CBWI July 2001 AnttronŽ 305 Revisited

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Back in the November 1996 issue, the article covering the Anttron® 305 base station antenna didn't include a real life test. It did however include a specification sheet and rough sketch of the antenna.

One thing that sticks out comparing the old spec. sheet with the new one is the gain of the antenna.

The old sheet claims; Gain - 10.35 dBi/QWM (Same Test Method For A-99). The new spec. sheet claims; Relative Gain - 12.3 dB. Not knowing if the antenna has been upgraded or not, I really can't comment about the change in the specification.

But an inquiry is in process. An update will be added as soon as the information arrives.

The Anttron® 305 was installed over the new shop at 10 Thorndike Street in Everett, MA. The antenna performed better than expected. It did seem very quiet with respect to atmospheric noise.

The building was full of construction equipment including gasoline powered generators and air compressors.

Also truck and equipment maintenance was all performed in the building. This included arc welding on many occasions.

The radio remained relatively quiet. At first, concern grew about the possibility of poor gain being the reason for the low noise level.

This wasn't the case. I was able to talk over 25 miles to a base station that wasn't running power and wasn't at a high elevation. The station was giving me a "S" 7 on the meter. The meter on this Tram D210 is upgraded with the D201a solid state meter circuit and had just been calibrated shortly after the move to new shop.

Surprisingly, these results were achieved in spite of ignoring the manufacturer's recommendation against using 9913 type coax. Anttron® had experienced a static problem with this coax on their antenna. It didn't happen here. In addition, the antenna couldn't be grounded.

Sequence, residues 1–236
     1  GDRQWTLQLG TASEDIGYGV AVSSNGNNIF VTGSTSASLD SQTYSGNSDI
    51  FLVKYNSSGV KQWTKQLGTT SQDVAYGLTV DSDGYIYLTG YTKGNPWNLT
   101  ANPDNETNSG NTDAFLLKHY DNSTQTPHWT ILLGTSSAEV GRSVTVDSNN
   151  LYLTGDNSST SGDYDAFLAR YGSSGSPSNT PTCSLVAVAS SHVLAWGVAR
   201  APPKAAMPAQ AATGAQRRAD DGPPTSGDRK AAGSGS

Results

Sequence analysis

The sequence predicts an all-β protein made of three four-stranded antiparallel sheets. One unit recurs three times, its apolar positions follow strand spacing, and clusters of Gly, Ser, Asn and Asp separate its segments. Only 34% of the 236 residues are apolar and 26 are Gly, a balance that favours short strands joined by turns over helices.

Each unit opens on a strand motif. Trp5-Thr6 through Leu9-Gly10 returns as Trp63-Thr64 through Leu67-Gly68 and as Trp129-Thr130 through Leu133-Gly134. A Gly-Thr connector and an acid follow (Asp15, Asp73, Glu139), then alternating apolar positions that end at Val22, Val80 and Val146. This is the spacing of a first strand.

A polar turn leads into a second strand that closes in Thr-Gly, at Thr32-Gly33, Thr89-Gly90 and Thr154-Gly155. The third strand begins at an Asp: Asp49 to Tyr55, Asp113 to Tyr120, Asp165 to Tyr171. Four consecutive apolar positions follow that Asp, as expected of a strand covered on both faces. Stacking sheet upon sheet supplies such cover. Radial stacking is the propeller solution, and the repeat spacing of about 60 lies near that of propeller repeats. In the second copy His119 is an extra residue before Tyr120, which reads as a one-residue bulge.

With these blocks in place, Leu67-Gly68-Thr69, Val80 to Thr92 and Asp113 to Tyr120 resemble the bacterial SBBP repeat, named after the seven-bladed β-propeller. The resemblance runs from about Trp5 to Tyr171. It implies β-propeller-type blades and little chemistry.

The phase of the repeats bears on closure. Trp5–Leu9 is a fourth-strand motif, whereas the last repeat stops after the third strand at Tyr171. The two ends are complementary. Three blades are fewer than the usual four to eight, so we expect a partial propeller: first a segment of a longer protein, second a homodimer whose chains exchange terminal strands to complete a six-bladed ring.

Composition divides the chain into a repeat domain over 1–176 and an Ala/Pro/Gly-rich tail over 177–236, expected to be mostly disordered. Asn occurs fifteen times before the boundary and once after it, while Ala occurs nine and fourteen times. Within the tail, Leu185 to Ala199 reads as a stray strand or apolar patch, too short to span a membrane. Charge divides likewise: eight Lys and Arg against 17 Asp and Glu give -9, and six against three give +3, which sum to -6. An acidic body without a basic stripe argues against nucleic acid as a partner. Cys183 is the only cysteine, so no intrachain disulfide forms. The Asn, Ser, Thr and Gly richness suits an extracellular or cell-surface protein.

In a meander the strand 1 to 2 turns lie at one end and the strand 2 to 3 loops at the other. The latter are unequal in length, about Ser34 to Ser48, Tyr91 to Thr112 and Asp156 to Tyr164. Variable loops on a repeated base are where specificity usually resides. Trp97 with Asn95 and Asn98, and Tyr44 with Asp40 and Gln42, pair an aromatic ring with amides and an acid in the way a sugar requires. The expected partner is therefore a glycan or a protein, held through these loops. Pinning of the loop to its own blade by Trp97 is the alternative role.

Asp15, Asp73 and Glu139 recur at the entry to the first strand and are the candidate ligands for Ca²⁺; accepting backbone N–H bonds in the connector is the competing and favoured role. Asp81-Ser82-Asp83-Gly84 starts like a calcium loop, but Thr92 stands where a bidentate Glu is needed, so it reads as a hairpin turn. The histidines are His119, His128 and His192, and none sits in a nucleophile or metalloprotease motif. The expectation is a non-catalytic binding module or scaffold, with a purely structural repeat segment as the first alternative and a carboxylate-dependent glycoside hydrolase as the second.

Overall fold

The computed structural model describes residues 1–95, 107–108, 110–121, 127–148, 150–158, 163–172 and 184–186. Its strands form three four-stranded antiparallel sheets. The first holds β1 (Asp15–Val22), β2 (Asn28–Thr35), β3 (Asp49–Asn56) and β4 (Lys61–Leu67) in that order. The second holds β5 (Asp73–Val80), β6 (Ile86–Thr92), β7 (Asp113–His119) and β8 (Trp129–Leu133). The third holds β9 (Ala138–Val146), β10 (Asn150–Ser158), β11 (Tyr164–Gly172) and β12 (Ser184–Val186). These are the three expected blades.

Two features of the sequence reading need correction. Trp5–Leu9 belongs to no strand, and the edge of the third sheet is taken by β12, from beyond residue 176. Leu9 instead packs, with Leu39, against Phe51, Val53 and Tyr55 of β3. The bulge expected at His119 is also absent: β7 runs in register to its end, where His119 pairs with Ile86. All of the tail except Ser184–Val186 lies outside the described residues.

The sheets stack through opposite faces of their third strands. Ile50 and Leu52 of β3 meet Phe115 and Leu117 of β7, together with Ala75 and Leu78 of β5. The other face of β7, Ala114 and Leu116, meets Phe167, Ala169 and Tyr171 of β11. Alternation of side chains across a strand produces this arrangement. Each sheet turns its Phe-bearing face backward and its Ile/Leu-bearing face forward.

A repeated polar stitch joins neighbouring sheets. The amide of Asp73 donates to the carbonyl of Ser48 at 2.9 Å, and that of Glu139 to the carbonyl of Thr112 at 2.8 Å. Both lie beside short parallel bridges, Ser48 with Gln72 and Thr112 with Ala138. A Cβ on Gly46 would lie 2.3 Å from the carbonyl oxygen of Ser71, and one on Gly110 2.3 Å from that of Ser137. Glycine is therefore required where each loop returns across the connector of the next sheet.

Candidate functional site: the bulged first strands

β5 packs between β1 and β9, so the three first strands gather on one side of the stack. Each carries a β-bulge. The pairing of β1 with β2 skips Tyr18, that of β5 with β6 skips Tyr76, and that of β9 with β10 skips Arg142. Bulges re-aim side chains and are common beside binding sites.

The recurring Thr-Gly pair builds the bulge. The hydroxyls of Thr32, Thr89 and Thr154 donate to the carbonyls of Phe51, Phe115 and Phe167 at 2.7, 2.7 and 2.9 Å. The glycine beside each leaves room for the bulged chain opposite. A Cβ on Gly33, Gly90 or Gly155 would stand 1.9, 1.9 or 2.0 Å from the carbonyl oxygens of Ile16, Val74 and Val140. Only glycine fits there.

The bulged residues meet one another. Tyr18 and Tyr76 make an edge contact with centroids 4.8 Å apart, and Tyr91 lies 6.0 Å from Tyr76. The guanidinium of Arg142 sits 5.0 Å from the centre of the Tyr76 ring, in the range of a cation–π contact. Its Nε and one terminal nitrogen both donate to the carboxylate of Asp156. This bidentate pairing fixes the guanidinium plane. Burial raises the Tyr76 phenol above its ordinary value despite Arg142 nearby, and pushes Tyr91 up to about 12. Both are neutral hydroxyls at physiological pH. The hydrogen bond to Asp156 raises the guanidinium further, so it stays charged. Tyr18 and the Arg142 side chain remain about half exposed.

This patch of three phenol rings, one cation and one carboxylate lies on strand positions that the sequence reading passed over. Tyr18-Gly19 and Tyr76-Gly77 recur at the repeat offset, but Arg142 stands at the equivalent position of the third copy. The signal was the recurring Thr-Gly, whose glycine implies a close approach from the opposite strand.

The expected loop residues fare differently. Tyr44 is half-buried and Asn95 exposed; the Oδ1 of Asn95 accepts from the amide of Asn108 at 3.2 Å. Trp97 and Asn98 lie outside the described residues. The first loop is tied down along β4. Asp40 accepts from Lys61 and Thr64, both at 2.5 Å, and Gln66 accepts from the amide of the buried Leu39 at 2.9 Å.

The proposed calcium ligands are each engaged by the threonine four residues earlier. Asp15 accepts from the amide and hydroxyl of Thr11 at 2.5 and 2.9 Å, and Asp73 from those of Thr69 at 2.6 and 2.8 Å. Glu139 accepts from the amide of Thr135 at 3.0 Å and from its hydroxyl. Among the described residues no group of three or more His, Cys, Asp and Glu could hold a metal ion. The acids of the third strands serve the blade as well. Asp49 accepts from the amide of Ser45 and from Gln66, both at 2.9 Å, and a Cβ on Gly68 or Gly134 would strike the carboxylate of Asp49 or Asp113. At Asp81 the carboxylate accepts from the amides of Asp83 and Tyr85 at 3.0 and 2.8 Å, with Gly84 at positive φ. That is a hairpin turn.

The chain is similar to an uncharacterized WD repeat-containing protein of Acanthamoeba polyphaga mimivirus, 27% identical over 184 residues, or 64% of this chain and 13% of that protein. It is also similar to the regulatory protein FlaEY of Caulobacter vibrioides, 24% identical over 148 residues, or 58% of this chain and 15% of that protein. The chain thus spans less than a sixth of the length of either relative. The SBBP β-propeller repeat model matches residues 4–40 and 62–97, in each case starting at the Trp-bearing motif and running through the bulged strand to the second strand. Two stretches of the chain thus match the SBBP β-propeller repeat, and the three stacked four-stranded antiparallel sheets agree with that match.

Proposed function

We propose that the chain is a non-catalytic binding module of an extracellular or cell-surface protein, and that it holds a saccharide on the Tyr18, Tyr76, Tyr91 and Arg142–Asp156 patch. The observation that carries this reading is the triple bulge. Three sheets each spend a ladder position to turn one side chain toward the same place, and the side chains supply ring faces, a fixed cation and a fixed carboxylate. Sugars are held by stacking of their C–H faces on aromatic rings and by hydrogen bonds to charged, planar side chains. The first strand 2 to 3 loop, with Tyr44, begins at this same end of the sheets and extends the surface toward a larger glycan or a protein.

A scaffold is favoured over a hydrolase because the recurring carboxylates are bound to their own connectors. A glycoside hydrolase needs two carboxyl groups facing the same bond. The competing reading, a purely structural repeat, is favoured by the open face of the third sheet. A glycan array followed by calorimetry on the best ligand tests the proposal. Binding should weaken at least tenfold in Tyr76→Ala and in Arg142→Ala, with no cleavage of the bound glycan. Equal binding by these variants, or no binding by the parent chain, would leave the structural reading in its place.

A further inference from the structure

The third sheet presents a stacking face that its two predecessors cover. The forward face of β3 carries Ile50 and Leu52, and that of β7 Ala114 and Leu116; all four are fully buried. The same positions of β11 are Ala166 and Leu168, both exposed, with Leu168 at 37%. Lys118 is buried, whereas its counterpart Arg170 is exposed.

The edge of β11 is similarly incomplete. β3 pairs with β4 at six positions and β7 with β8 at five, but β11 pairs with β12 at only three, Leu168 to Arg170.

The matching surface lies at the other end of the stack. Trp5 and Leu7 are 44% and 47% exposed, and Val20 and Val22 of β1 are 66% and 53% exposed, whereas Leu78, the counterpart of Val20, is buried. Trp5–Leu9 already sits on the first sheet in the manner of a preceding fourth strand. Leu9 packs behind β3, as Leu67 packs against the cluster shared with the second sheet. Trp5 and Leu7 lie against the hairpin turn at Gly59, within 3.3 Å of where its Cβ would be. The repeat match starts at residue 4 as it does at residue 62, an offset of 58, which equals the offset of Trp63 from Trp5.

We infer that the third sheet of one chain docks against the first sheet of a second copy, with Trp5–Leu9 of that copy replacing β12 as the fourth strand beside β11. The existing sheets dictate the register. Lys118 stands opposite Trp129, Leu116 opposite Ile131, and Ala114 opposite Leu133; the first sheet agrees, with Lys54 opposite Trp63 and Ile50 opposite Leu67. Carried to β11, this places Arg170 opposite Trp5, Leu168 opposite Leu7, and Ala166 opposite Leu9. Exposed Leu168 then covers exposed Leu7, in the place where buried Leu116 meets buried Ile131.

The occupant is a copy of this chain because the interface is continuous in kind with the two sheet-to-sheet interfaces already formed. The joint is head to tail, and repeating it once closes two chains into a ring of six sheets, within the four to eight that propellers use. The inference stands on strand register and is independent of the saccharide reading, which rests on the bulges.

There wasn't any open ground to run a ground rod other than by the electric meters. This could have caused an RF interference problem throughout the building or even the neighbourhood.

The other factory claim was the new VSWR matching scheme was unaffected by rain or snow. It is true, the match remained unchanged during heavy rain and snow storms.

I was quite impressed with the performance of this antenna. It lasted the two years at this location without any problem. I decided to move the shop a short distance away once the lease was up.

Parking became an increasing problem for customers and there was a vacancy in the Boston Market Terminal at the time.

At the new location I had a Solarcon I-Max 2000 installed. This being the new base antenna at the time, I opted see how it performed.

The gain is equal to or slightly better than the 305, but the location could be a factor. I believe them to be the same elevation above sea level. But the noise level has definitely increased.

This too is non-scientific and could be due to a higher noise level in the area.

I've been considering a second omni antenna at this location, and it will be a Anttron® 305 when and if I decide on a second antenna. ©CBWI

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